The technologist scanned the woman’s pelvis, and I used the images to decide where best to insert the needle. “We know just where to go,” I reassured her, drawing an “X” on the skin of her lower abdomen with a magic marker. “We’ll get started now.”
“Before you do,” she asked, “could I say a prayer first?”
“Of course.” I had seen many patients over the years briefly lower their heads in silent meditation, never needing to ask permission.
It turned out that this woman’s prayer was neither silent nor brief. I was standing on one side of the table, my assistant on the other. The patient extended both of her arms, gesturing that we each hold one hand while she prayed aloud. We each took a hand so that the sick woman could begin.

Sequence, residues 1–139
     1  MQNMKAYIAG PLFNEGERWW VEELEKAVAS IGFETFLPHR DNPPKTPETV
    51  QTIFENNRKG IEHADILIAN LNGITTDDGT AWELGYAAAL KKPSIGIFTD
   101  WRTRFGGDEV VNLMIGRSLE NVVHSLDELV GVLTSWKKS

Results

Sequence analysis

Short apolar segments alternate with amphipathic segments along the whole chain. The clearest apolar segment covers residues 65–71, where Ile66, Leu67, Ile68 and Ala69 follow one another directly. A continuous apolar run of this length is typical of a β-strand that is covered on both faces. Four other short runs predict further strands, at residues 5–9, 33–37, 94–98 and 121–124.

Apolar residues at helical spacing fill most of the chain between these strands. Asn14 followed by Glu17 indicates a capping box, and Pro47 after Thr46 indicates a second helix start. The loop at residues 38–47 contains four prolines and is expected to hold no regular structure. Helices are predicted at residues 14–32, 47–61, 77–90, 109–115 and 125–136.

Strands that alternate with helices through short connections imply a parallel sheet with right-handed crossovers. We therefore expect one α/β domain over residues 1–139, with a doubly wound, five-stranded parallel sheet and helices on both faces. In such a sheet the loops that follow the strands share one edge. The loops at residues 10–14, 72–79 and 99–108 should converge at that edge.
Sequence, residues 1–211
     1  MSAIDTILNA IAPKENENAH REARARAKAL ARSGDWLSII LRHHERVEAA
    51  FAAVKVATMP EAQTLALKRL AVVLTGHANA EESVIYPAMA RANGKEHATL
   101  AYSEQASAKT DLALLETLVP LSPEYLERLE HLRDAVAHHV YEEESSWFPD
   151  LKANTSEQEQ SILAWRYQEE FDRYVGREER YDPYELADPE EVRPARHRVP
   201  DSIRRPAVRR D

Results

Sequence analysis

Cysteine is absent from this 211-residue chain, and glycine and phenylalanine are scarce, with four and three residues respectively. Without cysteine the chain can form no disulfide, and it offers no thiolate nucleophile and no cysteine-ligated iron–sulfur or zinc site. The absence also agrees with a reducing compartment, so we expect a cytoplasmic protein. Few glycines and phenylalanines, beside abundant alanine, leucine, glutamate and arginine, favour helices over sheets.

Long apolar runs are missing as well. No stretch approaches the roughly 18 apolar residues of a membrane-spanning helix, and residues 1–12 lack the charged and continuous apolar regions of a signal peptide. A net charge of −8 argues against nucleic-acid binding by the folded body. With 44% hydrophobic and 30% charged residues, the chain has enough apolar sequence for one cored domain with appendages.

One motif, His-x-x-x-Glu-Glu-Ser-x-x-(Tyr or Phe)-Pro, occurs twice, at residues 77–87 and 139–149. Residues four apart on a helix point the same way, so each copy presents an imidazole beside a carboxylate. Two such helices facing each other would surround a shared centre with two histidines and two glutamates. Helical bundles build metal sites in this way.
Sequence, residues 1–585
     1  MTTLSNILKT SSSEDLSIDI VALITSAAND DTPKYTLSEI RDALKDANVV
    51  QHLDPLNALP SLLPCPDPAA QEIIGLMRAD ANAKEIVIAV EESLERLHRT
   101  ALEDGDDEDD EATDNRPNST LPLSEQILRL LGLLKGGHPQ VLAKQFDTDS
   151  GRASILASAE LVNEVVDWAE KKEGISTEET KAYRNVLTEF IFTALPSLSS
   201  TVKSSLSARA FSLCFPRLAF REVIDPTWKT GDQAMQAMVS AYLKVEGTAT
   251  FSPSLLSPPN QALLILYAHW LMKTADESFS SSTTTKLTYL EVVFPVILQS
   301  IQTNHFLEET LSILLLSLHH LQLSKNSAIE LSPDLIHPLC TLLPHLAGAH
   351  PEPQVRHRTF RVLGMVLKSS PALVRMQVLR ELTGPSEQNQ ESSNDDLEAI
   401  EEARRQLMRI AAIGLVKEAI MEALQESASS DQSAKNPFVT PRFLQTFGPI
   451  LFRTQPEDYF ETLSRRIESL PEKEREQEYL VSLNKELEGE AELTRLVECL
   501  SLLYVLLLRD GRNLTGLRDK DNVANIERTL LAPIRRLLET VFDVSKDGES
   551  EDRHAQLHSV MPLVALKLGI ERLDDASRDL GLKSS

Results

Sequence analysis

I felt a little uncomfortable at first. Despite a natural interest in humanity and spirituality, outward prayer to me is still a somewhat personal matter, particularly at work. I have never believed that my own religious views or questions are the business of the patients I treat. Awareness of patients’ beliefs can be important, if it helps tailor treatments to their needs, but being asked to participate in her prayer was slightly unusual and made me feel a bit awkward. From the atheist to the devout of all faiths, I try to treat everybody with the same concern and dignity, as do most doctors I know, without openly bringing my own religion to the equation. When I reached for this woman’s hand, I feared that my religious privacy might somehow be compromised. The woman, her health, and her faith should be center stage. I only wanted to play a supporting role.